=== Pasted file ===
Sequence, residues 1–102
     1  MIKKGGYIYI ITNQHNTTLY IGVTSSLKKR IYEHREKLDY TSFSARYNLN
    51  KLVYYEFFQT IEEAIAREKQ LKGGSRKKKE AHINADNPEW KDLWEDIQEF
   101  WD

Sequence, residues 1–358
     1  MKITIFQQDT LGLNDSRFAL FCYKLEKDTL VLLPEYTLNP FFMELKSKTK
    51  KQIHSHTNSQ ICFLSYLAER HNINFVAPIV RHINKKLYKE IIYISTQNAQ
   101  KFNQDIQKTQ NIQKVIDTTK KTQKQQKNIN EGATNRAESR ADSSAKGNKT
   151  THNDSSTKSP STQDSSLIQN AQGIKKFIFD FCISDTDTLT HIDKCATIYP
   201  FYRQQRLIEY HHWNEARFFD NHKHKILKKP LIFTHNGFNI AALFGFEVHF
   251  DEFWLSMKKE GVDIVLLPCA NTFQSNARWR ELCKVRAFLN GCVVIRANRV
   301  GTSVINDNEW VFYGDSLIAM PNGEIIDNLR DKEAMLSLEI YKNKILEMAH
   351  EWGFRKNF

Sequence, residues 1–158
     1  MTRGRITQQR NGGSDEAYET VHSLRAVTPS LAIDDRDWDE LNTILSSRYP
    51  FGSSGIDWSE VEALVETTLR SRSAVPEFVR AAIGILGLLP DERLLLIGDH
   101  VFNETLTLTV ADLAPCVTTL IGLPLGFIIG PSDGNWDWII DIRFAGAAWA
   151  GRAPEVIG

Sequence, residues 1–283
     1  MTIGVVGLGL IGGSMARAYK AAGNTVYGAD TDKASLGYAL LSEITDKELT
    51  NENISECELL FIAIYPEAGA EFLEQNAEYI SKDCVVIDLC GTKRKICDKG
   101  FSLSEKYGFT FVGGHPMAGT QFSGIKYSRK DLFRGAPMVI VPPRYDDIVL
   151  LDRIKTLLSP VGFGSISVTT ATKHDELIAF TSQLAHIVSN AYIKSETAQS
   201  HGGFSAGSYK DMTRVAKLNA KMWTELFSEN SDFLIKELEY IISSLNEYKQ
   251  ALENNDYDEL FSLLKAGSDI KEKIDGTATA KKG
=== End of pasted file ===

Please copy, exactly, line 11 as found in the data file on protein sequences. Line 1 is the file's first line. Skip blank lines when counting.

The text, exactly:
   251  DEFWLSMKKE GVDIVLLPCA NTFQSNARWR ELCKVRAFLN GCVVIRANRV